Seed-dressing fungicides were applied to 5 g seed before sowing, using a pipette and gentle agitation of the seed to ensure even coverage of the fungicide. Foliar fungicides were applied to 10-day-old seedlings, 2 days before inoculation, using a hand-held spray unit. The spray unit was calibrated for flow rate (1.67 L/min) and boom width (1.47 m), which were used to calculate the speed of application required for each active ingredient; for example, to obtain a coverage of 1 L/100 m2, an application speed of 35.84 s would be required. This equates to an application speed of 2.6 s along a 5-m plot. Seedlings were placed on the ground and fungicides were applied using the spray unit at a speed of application (2.6 s/5 m) equivalent to the on-farm rate for each active, as described in Table 1.
Seedlings were grown in a controlled environment glasshouse (22°C). Seed was sown at a depth of 1 cm into Scotts Osmocote Premium Plus Superior Potting Mix in 4-cell punnets. The seven fungicide treatments and an untreated control were screened for each stubble sample (blackleg population), using three replicate punnets of canola seedlings, with each of these replicated punnets containing either four plants (2019 and 2020 screens) or eight plants (2018 screens). Therefore, the 2019 and 2020 screens had 12 plants (3 punnets × 4 plants) for each treatment, whereas the 2018 screens had 24 plants (3 punnets × 8 plants) for each treatment (Fig. 2). The replicated punnets were fully randomised within the inoculation boxes prior to inoculation.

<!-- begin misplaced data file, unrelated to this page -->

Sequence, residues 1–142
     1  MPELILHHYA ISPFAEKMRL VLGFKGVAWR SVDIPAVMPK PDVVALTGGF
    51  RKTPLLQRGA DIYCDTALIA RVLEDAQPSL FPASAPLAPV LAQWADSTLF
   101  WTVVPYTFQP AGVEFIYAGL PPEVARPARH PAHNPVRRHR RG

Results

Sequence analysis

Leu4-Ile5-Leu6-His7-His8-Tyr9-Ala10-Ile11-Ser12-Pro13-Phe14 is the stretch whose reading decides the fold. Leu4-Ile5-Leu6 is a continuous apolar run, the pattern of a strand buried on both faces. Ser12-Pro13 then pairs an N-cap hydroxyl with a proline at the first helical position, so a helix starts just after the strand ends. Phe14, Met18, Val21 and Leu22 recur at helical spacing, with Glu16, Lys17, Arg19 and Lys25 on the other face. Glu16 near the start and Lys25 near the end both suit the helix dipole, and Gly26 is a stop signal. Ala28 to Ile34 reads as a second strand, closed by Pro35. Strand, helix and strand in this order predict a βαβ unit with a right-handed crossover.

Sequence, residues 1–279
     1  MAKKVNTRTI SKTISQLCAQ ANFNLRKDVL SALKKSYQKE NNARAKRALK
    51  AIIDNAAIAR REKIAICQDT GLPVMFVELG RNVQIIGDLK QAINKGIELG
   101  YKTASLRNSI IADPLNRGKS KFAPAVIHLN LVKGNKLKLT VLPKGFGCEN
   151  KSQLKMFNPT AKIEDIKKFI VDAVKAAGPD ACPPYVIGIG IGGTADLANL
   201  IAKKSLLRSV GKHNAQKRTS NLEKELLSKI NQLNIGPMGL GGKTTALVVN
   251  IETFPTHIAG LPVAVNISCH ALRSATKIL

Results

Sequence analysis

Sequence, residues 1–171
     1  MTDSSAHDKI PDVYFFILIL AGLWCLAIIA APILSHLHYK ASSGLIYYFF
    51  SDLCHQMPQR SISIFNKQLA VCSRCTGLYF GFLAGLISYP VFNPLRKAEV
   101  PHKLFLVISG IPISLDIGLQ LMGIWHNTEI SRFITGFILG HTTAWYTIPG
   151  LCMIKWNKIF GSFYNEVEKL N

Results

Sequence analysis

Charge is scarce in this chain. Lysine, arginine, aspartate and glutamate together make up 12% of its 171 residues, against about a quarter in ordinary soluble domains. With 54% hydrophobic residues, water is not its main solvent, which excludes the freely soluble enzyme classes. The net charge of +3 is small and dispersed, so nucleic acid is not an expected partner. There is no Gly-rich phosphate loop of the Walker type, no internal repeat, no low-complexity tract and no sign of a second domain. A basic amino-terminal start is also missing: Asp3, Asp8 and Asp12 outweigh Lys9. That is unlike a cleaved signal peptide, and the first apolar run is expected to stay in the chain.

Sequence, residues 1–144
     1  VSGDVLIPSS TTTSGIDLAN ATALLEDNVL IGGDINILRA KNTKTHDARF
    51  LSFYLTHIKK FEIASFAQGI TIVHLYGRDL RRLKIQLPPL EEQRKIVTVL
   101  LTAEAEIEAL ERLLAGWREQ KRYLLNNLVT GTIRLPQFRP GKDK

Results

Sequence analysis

The 20 stubble pieces from each sample were moistened and then suspended above the seedlings. The inoculation boxes were then sealed and left for 36 h at 100% humidity to allow ascospores to fall and infect the underlying seedlings (Fig. 2a-c). Following inoculation, plants were removed from the inoculation boxes and placed in the glasshouse (22°C) to allow lesion development.